Saturday, August 13, 2016

Fallin, Doerflinger still working on special session proposals

by Sean Murphy, AP

OKLAHOMA CITY (AP) - Gov. Mary Fallin's top budget negotiator said Friday he is working to develop several proposals for a teacher pay raise, including some plans that would not use a $140 million surplus that was left over at the end of the fiscal year.

Fallin's Secretary of Finance Preston Doerflinger said he's looking at several options for a teacher pay raise at or above $5,000 a year. Doerflinger said some of those proposals will use all or some of the $140.8 million surplus, but others will use none of it.

"If we agreed with the Legislature on a teacher pay package not using the $140 million, that money could then be redirected in special session to the agencies that need it the most," Doerflinger said. "Under that scenario, you could see agencies like (the departments of Human Services) and Corrections and others with big needs get more funds returned than they would under the pro rata distribution.

"The ideal scenario is to address teacher pay and critical agencies needs simultaneously, but that's obviously dependent on agreement with the Legislature."

The state ended up with a $140.8 million surplus after mid-year cuts were ordered to state agency budgets amid dwindling tax collections. It turned out those cuts were deeper than necessary.

Fallin has suggested lawmakers return for a special session before November's election to consider a teacher pay hike as an alternative to a proposed one-cent sales tax on the ballot that will fund a $5,000 teacher pay raise and additional funding for state colleges, universities and career-technology system. But no agreement has been reached with Republican legislative leaders, and most lawmakers have suggested the surplus revenue be returned to state agencies.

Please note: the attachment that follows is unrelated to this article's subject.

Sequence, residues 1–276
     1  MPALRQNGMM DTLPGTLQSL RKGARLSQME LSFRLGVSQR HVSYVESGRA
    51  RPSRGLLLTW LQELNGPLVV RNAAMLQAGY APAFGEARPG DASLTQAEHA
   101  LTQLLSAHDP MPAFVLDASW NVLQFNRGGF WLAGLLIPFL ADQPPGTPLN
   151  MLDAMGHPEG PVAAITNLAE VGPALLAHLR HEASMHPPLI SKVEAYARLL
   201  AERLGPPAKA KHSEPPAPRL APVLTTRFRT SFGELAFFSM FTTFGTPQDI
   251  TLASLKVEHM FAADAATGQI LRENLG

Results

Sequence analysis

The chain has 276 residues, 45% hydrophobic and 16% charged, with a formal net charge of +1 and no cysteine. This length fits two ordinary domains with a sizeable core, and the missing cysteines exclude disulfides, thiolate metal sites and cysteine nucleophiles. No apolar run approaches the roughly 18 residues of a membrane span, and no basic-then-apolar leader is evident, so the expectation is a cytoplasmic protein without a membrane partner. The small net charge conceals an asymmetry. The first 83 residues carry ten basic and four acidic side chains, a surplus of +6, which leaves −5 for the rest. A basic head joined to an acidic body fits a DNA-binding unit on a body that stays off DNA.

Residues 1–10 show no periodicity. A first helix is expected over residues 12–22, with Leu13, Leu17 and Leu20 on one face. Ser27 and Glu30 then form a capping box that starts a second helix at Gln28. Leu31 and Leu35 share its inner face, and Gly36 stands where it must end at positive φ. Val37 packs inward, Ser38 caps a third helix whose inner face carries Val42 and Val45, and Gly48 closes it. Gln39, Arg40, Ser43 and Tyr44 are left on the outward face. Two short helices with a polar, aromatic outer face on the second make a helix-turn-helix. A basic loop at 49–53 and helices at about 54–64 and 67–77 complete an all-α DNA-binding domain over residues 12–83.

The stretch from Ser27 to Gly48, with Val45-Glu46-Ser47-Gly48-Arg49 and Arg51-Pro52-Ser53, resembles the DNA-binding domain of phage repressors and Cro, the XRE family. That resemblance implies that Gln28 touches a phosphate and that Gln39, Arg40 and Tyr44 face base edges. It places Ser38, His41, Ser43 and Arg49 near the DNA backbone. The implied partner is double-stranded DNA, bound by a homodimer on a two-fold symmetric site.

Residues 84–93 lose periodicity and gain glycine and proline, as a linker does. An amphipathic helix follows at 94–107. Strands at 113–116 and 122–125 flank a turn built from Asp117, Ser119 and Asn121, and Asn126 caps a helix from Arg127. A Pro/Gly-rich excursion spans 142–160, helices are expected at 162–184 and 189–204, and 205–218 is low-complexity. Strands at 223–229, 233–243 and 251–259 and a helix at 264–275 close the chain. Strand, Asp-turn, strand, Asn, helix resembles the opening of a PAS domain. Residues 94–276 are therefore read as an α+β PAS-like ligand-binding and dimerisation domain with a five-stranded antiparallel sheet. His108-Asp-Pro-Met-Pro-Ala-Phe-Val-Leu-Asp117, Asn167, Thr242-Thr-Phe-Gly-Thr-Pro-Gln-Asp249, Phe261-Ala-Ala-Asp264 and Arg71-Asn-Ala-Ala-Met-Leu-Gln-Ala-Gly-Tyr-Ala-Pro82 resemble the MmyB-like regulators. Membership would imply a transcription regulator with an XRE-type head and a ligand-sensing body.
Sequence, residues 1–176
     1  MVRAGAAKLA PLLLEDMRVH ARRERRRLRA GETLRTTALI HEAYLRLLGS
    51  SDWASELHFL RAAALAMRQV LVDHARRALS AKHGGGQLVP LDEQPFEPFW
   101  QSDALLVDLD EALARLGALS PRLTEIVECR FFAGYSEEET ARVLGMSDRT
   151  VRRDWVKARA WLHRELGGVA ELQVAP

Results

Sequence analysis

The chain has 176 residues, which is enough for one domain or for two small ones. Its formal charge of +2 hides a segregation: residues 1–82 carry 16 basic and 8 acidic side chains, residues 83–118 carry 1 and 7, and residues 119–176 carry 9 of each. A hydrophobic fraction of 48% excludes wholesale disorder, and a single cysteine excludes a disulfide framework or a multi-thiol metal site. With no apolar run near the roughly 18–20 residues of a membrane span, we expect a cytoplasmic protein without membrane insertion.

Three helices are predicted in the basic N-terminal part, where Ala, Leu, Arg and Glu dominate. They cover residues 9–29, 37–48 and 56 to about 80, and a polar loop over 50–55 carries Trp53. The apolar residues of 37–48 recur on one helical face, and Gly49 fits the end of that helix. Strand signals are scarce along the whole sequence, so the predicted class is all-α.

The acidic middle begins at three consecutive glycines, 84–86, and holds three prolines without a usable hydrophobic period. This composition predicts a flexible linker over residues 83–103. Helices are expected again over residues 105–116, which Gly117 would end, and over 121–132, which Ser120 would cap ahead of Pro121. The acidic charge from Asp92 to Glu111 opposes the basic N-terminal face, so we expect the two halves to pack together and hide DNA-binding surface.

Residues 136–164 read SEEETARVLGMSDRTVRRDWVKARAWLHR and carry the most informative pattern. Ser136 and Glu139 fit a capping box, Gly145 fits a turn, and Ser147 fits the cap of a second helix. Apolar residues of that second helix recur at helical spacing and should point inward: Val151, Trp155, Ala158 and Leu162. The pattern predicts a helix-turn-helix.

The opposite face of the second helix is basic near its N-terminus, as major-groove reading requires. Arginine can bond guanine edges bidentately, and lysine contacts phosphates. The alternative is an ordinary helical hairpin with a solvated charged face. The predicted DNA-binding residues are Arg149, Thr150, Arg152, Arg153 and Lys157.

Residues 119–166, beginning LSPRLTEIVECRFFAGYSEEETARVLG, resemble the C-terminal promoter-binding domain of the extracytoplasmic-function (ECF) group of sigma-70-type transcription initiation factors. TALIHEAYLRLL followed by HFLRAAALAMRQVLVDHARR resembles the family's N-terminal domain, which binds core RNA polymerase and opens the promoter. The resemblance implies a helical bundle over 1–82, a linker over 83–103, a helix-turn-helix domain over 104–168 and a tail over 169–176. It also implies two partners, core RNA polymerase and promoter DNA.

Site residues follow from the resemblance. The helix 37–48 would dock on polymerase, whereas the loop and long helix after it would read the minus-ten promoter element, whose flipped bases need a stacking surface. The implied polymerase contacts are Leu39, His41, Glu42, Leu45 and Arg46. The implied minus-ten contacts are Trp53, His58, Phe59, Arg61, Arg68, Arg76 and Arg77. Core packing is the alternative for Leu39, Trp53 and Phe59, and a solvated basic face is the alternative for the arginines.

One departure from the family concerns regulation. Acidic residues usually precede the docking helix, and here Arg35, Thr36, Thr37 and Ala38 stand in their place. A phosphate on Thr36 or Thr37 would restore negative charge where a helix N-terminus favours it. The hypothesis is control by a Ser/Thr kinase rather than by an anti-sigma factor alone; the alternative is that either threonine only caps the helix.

Among the possible revenue sources Fallin encouraged lawmakers to consider this session were a tax on cigarettes and the expansion of the state sales tax to certain services and products that are currently exempt.

Both House Speaker Jeff Hickman, R-Fairview, and Senate President Pro Tempore Brian Bingman, R-Sapulpa, said this week most of their members favor returning the money to agencies, but both left the door open to the idea of a special session.

"If we can come up with a plan that would make sense, we might have more serious discussion about a special session," Bingman said.

Hickman said his members want to approve a teacher pay plan, but couldn't reach an agreement on how such a proposal would be funded. He said any plan funded with a tax increase would need a three-fourths vote, which would require the support of Democrats. Approving any tax increase also would be difficult for Republicans, especially before an election.

"I can't imagine we haven't already looked at every angle (for a teacher pay raise)," Hickman said. "But if they come up with an angle we haven't considered, we'll be happy to look at it.

"Right now the governor doesn't have a plan on the table, so returning those dollars proportionally to the agencies is really the only option at this point."


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